In April 2004, the American Civil Liberties Union (ACLU) and ACLU Foundation filed suit in United States District Court for the Southern District of New York on behalf of a John Doe plaintiff against the United States and the Federal Bureau of Investigation (FBI). Plaintiff was an internet access and consulting corporation that received a National Security Letter (NSL) from the FBI directing it to disclose names, addresses, and records of communications relating to one of its clients. Plaintiff also received a gag order forbidding it from disclosing to anyone that the FBI sought or obtained information. Plaintiff claimed that 18 U.S.C. § 2709, which authorizes issuance of NSLs and attendant gag orders, violates the First, Fourth, and Fifth Amendments. Plaintiff sought an injunction prohibiting the FBI from enforcing the requests in the NSL issued to plaintiff and enjoining the FBI from further use of § 2709.
Many documents in the public docket are redacted pursuant to a May 2004 order. Doe v. Ashcroft, 317 F. Supp. 2d 488 (S.D.N.Y. 2004).
In July 2004, the plaintiff moved for summary judgment, and the United States moved to dismiss the complaint. In September of that year, the District Court (Judge Victor Marrero) granted summary judgment in favor of the plaintiff, finding that § 2709 as applied violated the Fourth Amendment by effectively barring judicial challenge to the NSL request. Additionally, the nondisclosure requirement under § 2709(c) was a violation of the First Amendment as an unjustified prior restraint and content-based restriction on speech. The Court enjoined the United States and the FBI from issuing NSLs and enforcing gag orders under § 2709. Doe v. Ashcroft, 334 F. Supp. 2d 471 (S.D.N.Y. 2004).
Further proceedings were stayed pending the appeal of the United States to the United States Court of Appeals for the Second Circuit. Meanwhile, Congress amended the nondisclosure prohibition under § 2709(c) to require nondisclosure only upon certification by senior FBI officials that certain enumerated harms may occur. 18 U.S.C.A. § 2709(c), as amended in 2008. Congress also provided for judicial review to permit NSL recipients to petition to modify or set aside the NSL. 18 U.S.C.A. § 3511(a).
In May 2006, the Second Circuit vacated the decision of the District Court and remanded the case in light of the amendments. Doe v. Gonzales, 449 F. 3d 415 (2d Cir. 2006). The United States subsequently informed the District Court that it no longer sought to enforce the NSL.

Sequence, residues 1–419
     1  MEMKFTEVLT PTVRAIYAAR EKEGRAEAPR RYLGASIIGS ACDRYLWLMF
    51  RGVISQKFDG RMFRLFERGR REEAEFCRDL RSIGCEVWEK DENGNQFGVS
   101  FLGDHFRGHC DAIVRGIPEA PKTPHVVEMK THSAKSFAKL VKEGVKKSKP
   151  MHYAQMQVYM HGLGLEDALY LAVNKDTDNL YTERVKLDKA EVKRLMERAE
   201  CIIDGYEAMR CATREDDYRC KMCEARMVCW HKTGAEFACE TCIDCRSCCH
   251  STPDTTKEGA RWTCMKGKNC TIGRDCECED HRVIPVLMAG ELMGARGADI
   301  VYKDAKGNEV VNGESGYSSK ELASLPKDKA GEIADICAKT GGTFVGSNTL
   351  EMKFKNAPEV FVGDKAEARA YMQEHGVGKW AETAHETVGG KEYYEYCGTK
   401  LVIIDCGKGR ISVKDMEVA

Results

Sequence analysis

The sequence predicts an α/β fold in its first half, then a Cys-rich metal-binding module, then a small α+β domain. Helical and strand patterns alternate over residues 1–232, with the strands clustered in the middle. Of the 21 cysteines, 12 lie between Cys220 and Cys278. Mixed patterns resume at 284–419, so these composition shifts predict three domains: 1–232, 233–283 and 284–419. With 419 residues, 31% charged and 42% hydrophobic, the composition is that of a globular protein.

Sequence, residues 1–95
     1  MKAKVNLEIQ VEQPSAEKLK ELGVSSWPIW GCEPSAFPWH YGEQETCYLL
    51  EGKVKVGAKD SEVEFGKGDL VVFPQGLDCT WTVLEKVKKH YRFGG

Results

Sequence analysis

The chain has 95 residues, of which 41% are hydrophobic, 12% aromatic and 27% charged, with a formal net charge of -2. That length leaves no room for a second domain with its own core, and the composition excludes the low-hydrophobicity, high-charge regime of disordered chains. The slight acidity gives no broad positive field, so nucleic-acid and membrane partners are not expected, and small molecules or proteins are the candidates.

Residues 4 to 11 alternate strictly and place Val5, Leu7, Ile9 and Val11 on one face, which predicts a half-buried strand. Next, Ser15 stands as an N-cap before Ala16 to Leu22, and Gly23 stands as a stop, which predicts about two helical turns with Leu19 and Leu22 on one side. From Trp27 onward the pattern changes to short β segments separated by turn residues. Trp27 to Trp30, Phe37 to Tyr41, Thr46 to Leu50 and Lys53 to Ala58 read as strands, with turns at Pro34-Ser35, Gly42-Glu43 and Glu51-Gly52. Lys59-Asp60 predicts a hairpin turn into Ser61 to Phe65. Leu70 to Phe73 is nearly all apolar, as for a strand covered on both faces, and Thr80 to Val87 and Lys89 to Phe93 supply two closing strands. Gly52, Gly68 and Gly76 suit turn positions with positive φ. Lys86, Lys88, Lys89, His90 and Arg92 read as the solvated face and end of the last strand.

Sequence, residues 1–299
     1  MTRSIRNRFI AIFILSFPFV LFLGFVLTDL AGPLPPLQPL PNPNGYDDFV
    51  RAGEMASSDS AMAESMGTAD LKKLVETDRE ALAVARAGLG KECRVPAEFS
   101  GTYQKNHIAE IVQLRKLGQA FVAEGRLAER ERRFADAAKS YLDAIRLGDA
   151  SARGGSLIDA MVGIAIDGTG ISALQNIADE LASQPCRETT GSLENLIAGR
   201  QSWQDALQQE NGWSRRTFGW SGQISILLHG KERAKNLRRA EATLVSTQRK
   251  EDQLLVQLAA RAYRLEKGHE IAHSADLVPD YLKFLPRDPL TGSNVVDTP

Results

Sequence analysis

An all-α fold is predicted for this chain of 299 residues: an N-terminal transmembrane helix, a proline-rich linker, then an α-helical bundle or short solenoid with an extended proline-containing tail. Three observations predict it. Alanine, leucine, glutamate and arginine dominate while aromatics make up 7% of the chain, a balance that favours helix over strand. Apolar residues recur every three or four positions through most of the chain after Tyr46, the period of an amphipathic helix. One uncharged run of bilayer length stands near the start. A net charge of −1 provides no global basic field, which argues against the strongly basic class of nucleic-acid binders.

The District Court ruled on cross-motions for summary judgment in September 2007, finding that § 2709(c) and § 3511(b) were facially unconstitutional, notwithstanding the amendments. The District Court found that the nondisclosure requirement violated the First Amendment under a strict scrutiny standard of review. Because it found the various subsections inseverable, the District Court invalidated the entirety of § 2709(c) and § 3511(b). Doe v. Gonzales, 500 F. Supp. 2d 386 (S.D.N.Y. 2007).
The United States again appealed to the Second Circuit. That court construed the newly amended statutes to permit nondisclosure only upon certification and to place the burden on government to demonstrate risk of an enumerated harm upon disclosure. Section 2709(c) and § 3511(b) are unconstitutional to the extent that a District Court must treat the certification as conclusive, and to the extent that they impose a nondisclosure requirement without requiring the government to initiate judicial review of the requirement. Doe v. Mukasey, 549 F.3d 861 (2d Cir. 2009).
Upon remand, in October 2009 the District Court ruled that the United States and the FBI were permitted to enforce the nondisclosure provisions § 2709(c) § 3511(b) as applied to the NSL issued to plaintiff.
The plaintiff moved the District Court for partial reconsideration, and in March 2010, the Court amended its order enforcing nondisclosure. The Court directed the United States to lift the nondisclosure requirement as applied to two categories of information: material that the NSL statute identifies as permissible for the FBI to collect, and material that the FBI has publicly acknowledged it has previously requested by means of NSLs.
The plaintiff appealed to the Second Circuit in May 2010, but later withdrew the appeal. On July 30, 2010, the District Court entered a stipulation and order of dismissal. The United States paid $225,000 in attorney's fees and litigation costs to the plaintiff.Elizabeth Homan - 10/27/2013